Home market in stalemate after curbs

Updated: 2012-11-29 06:48

By Li Tao (HK Edition)

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Home market in stalemate after curbs

Property market buyers and sellers seen adopting wait-and-see attitude

A month after the Hong Kong government unveiled its toughest measures to curb skyrocketing home prices, the market is now at a stalemate as the transaction volume is stuck at an extremely low level while home prices are continuing to stay at record high levels, with both buyers and sellers adopting a wait-and-see attitude. The stalemate is likely to stay for a few months, analysts believe.

According to data released by Midland Reality on Wednesday, home transactions in the key 35 residential estates monitored by the property agency slumped 50 percent to 59 deals in the week after the government's Oct 26 announcement to impose a 10 to 20 percent Special Stamp Duty (SSD) on short term home resales within a three-year period and an unprecedented 15 percent Buyers' Stamp Duty (BSD) on home buyers who were not permanent Hong Kong residents.

Between Nov 5 and Nov 25 - the second to the fourth week after the introduction of the new housing policies, home transactions rose slightly to 68 and 72, and then dropped to 61 again last week, all well below the 118 transactions registered in the week when the government unveiled its new policies, according to the Midland data.

Midland Residential Chief Executive Vincent Chan said the upgraded housing measures this time are "playing more obvious effects" in comparison with the first SSD slapped by the government in November 2010 to curb short-term property speculation, which then imposed a 15 percent levy on any sale transaction of a property that had changed hands earlier within six months.

Home transactions plunged 60 percent to 80 deals in the first week after the policy was introduced at that time, which, then picked up notably to 119, 213 and 209 in the following three weeks, respectively. Home transactions during the week of the policy announcement was 199, a figure which was surpassed in only two weeks after the first SSD was announced, according to Midland.

But the slumping transaction volumes this time failed to rock current skyrocketing home prices in Hong Kong. The latest Centa-City Lending Index (CCL) that measures overall local secondary residential property prices declined a slight 0.54 percent to 116.17 in the following week after the policy announcement, while CCL Mass index, which tracks only the mass market's home prices, even climbed 0.11 percent to 114.32 during the week, according to data released by Centaline Property Agency.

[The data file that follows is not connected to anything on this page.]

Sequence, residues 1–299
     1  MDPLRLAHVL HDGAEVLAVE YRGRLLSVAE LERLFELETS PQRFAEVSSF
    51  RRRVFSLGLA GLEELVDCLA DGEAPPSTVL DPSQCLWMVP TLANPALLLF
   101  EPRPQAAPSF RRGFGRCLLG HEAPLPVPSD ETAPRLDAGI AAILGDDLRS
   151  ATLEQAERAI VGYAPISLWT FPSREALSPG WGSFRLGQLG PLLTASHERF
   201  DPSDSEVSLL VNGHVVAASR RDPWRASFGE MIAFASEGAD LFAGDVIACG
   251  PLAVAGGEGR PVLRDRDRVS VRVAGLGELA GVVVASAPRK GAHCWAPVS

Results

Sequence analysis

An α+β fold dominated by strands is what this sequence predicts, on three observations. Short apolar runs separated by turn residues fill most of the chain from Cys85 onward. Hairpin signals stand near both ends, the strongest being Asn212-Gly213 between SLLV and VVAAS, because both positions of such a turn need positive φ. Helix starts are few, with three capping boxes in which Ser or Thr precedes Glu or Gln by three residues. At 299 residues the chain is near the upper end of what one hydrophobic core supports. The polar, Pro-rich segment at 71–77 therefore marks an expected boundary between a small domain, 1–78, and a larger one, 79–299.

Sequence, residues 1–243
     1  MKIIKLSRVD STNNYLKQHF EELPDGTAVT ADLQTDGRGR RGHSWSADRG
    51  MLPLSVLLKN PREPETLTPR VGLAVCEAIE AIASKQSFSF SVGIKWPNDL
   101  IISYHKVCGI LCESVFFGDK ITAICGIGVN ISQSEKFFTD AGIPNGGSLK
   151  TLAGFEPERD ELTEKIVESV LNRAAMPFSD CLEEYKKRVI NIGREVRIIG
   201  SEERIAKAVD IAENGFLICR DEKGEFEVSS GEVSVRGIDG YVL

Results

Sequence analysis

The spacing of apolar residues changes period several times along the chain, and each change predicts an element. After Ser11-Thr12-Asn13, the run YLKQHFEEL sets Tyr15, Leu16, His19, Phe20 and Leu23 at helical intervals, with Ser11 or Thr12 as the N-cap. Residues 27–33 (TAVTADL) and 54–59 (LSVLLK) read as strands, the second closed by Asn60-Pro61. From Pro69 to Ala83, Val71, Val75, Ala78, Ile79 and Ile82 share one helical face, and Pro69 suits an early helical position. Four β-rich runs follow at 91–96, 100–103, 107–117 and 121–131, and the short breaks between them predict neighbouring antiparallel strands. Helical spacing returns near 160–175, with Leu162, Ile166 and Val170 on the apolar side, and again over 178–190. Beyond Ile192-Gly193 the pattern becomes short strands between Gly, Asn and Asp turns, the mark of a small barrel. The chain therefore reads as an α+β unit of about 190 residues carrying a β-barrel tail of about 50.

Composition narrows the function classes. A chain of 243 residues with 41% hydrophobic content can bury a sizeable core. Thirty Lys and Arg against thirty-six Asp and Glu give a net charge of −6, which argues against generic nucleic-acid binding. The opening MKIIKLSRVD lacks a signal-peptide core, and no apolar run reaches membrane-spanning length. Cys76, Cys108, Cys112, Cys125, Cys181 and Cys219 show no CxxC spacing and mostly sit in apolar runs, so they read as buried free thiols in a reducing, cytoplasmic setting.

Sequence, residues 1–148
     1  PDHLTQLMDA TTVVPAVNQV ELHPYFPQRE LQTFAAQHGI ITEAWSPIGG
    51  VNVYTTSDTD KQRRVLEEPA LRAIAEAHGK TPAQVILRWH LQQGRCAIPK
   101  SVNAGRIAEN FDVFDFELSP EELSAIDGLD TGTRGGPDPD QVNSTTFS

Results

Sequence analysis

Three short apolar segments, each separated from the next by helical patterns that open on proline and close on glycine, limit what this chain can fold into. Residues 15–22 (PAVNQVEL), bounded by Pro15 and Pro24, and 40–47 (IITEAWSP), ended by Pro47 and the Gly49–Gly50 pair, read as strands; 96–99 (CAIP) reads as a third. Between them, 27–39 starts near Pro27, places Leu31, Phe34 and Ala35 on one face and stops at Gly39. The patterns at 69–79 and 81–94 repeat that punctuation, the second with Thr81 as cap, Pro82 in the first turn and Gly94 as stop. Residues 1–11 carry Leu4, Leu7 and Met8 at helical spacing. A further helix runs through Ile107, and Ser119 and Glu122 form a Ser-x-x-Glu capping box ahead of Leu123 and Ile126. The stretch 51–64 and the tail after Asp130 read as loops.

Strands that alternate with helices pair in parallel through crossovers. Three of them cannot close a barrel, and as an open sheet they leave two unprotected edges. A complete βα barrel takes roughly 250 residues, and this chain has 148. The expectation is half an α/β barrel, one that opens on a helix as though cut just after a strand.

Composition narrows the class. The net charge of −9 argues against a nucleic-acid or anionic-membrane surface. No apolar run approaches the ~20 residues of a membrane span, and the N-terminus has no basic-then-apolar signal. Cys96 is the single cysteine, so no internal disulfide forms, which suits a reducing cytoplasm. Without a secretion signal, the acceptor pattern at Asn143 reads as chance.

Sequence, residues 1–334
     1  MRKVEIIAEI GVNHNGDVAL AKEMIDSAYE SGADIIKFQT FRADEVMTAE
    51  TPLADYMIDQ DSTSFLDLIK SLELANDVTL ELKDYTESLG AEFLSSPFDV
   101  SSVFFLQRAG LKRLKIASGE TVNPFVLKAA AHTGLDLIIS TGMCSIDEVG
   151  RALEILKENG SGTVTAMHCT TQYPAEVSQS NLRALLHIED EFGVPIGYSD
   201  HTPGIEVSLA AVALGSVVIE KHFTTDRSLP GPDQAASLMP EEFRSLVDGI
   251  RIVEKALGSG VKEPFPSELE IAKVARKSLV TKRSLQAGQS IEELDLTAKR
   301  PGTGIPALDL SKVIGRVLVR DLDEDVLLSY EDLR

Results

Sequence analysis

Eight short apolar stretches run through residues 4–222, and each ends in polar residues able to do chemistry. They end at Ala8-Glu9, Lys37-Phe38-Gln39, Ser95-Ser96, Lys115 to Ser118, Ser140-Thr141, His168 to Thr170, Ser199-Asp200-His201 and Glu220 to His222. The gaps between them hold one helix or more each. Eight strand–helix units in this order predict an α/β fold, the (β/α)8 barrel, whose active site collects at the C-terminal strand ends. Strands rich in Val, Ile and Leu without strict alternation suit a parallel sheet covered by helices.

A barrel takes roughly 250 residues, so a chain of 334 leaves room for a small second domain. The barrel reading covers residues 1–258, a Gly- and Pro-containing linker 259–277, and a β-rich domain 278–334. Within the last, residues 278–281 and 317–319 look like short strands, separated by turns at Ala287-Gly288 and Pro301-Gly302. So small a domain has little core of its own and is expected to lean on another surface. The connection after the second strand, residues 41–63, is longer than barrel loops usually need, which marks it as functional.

Charles Chan, managing director of Savills Valuation and Professional Services, said Hong Kong's property market is now at a stalemate as on the one hand potential buyers are waiting for home prices to drop on these new housing measures and on the other hand, home owners are reluctant to cut prices given that new home supplies in the near future remain tight in the city.

"It is still too early to say if the latest SSD and BSD have played out effects this time," Chan told China Daily in a telephone interview. "It may take another two or three months to see which party cannot hold up anymore, and the trend of home prices in the future will decide whether the government measures succeeded or not," said Chan.

Midland's Chan possesses similar views. Expecting the property prices to stay firm while transactions volumes to remain at a lower level, Chan said that suppressed demands may explode again with overall transactions in the city to rebound to 8,000 each month, in case the budget speech by the city's Financial Secretary in February 2013 does not include new housing measures.

litao@chinadailyhk.com

(HK Edition 11/29/2012 page2)